In 1970, President Richard Nixon and Bob Haldeman hoped to politically neutralize Johnny Cash, and convince him not to campaign for Tex Ritter in a a Tennessee U.S. Senate race. Here is the White House memo, now housed at The Nixon Library.
Mental Floss, in a post March 5, 2012, [ed's note: I don't think Mental Floss knew about this letter, or the earlier meeting referred to by Haldeman] reported that two years after this memo, "In July 1972, Cash sat down with Richard Nixon in the White House’s Blue Room. The country music superstar had come to discuss prison reform, and the media was present, eager to report the results. Nixon thought he’d break the ice, and asked, “Johnny, would you be willing to play a few songs for us?” “I like Merle Haggard’s 'Okie From Muskogee' and Guy Drake’s 'Welfare Cadillac.'" Both songs were satirical expressions of right-wing disdain for Vietnam protesters and hippies, and one for for poor people who cheat the welfare system."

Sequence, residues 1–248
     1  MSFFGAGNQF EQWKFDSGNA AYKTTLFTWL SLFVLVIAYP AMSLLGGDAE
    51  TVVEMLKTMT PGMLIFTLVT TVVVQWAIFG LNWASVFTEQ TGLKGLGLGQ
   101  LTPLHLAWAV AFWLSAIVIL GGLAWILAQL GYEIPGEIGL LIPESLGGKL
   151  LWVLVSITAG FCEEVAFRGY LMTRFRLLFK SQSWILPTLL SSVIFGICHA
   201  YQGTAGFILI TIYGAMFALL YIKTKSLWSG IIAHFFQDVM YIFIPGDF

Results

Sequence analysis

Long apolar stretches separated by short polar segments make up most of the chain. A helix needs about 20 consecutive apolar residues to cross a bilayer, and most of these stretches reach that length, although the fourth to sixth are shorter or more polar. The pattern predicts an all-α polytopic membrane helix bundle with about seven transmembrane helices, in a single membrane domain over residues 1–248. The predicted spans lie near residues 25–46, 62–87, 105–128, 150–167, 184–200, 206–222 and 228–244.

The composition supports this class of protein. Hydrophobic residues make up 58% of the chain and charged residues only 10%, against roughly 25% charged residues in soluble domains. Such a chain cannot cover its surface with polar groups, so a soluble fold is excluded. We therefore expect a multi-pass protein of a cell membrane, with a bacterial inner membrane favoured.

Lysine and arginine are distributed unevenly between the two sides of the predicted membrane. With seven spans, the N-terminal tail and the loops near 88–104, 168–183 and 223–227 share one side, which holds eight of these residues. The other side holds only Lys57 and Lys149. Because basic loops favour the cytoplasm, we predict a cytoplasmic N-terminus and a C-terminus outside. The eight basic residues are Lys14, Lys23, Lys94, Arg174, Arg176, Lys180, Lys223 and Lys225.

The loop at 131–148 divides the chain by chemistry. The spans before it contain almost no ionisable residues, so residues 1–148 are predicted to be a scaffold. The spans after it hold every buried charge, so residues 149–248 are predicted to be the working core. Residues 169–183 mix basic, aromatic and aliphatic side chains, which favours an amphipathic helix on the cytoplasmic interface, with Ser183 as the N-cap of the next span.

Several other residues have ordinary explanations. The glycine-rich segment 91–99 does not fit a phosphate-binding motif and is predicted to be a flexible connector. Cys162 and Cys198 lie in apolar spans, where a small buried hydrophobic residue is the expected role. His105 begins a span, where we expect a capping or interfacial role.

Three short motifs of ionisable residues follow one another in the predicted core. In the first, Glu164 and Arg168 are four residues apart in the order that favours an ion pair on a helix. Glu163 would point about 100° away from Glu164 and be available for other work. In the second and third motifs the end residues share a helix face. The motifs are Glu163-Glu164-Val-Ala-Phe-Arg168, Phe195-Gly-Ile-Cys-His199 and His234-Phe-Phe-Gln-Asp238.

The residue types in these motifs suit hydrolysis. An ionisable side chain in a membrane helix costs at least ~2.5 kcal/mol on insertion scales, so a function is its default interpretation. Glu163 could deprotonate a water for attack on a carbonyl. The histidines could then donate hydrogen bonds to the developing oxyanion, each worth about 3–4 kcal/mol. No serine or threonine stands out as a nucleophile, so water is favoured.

Cash said he didn't know those songs, but had some of his own. Cash started with “What Is Truth?” a great anti-war song that celebrated the protesting, long haired youth of America.
From Metal Floss again: "Nixon sat listening with a frozen smile. Cash continued the assault with “The Man in Black,” a song that explained how his fashion preference represented his solidarity with the oppressed, the sick, the lonely, and the soldiers (“Each week we lose a hundred fine young men”). Cash then capped off his mini-concert with “The Ballad of Ira Hayes,” about the plight of Native Americans, in particular one of the soldiers who raised the flag at Iwo Jima. Hayes returned home to be decorated, but couldn’t deal with the guilt he felt over surviving the war when so many of his friends didn’t. He drank himself to death."